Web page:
stroke. The total work (the are under the curve)
is the same for both processes.
17
Progressive Die Sets
  • Progressive die sets- two or more sets of punches
    and dies mounted in tandem
  • Transfer dies move individual parts from
    operation to operation within a single press
  • Compound dies combine processes sequentially
    during a single stroke of the ram

Figure 17-16 Progressive piercing and blanking
die for making a square washer. Note that the
punches are of different length.
18
Design for Piercing and Blanking
  • Design rules
  • Diameters of pierced holes should not be less
    than the thickness of the metal with a minimum 0f
    0.3 mm (0.025)
  • Minimum distance between holes or the edge of the
    stock should be at least equal to the metal
    thickness
  • The width of any projection or slot should be at
    least 1 times the metal thickness and never less
    than 2.5 mm (3/32)
  • Keep tolerances as large as possible
  • Arrange the pattern of parts on the strip to
    minimize scrap

19
Design Clearance
20
Clearance Calculation
The recommended clearance is C
at Where c clearance, in (mm) a allowance
and t - stock thickness, in (mm). Allowance a is
determined according to type of
metal. From Mikell P. Groover
Fundamentals of Modern Manufacturing.
21
Design Die and Punch Sizes

For a round blank of diameter Db is determined
as Blank punch diameter Db - 2c Blank die
diameter Db For a round hole (piercing) of
diameter Dh is determined as Hole punch
diameter Dh Hole die diameter Db 2c
22
Cutting Forces
  • Cutting forces are used to determine size of the
    press needed.
  • F StL
  • Where S shear strength of the sheet metal,
    lb/in2 (Mpa) t sheet thickness in. (mm) and L
    length of the cut edge, in. (mm).
  • In blanking, punching, slotting, and similar
    operations, L is the perimeter length of blank or
    hole being cut.
  • Note the equation assumes that the entire cut
    along sheared edge length is made at the same
    time. In this case, the cutting force is a
    maximum.

23
Angular Clearance
  • for slug or blank to drop through the die, the
    die opening must have an angular clearance of
    0.25 to 1.50 on each side.

24
Example for Calculating Clearance and Force
  • Round disk of 3.0 dia. is to be blanked from a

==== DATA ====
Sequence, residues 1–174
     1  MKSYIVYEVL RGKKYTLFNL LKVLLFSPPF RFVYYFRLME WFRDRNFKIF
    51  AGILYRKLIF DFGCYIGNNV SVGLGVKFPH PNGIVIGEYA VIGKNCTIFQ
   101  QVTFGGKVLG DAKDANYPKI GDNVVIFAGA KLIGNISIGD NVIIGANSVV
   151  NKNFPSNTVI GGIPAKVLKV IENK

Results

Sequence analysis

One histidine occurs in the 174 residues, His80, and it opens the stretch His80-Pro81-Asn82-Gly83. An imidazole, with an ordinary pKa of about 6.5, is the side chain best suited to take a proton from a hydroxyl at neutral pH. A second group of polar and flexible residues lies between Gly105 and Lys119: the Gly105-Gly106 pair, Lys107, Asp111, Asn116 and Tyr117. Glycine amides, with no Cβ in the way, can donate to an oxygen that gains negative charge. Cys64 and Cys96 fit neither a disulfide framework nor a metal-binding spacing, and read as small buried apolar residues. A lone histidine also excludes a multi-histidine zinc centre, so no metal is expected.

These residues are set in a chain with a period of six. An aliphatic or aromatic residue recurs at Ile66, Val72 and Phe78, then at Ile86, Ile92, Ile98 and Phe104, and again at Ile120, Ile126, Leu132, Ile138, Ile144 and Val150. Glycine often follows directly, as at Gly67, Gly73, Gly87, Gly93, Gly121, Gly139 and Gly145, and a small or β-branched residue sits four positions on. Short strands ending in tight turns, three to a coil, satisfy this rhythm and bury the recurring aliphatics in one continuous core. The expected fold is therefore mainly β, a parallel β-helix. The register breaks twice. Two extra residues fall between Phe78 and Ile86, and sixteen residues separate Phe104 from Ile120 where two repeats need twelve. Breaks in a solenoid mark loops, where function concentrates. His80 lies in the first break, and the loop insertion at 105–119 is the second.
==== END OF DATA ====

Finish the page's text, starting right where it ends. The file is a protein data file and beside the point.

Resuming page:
half-hard cold-rolled sheet of 1/8 with shear
    strength 45,000 lb/in2. Determine (a) punch
    and die diameters, and (b) blanking force.
  • (a).
  • From table , a 0.075,
  • so clearance c 0.075(0.125) 0.0094.
  • Die opening diameter 3.0
  • Punch diameter 3 2(0.0094) 2.9812 in
  • (b)
  • Assume the entire perimeter of the part is
    blanked at one time.
  • L p Db 3.14(3) 9.426
  • F 45,000(9.426)(0.125) 53,021 lb 24.07
    tons

25
Design Example
Figure 17-18 Method for making a simple washer in
a compound piercing and blanking die. Part is
blanked (a) and subsequently pierced (b) in the
same stroke. The blanking punch contains the die
for piercing.
26
17.3 Bending
  • Bending is the plastic deformation of metals
    about a linear axis with little or no change in
    the surface area
  • Forming- multiple bends are made with a single
    die
  • Drawing and stretching- axes of deformation are
    not linear or are not independent
  • Springback is the unbending that occurs after a
    metal has been deformed

Figure 17-19 (Top) Nature of a bend in sheet
metal showing tension on the outside and
compression on the inside. (Bottom) The upper
portion of the bend region, viewed from the side,
shows how the center portion will thin more than
the edges.
27
Angle Bending (Bar Folder and Press Brake)
  • Bar folders make angle bends up to 150 degrees in
    sheet metal
  • Press brakes make bends in heavier sheets or more
    complex bends in thin material

Figure 17-22 Press brake dies can form a variety
of angles and contours. (Courtesy of Cincinnati
Incorporated, Cincinnati, OH.)
28
Design for Bending
  • Several factors are important in specifying a
    bending operation
  • Determine the smallest bend radius that can be
    formed without cracking the metal
  • Metal ductility
  • Thickness of material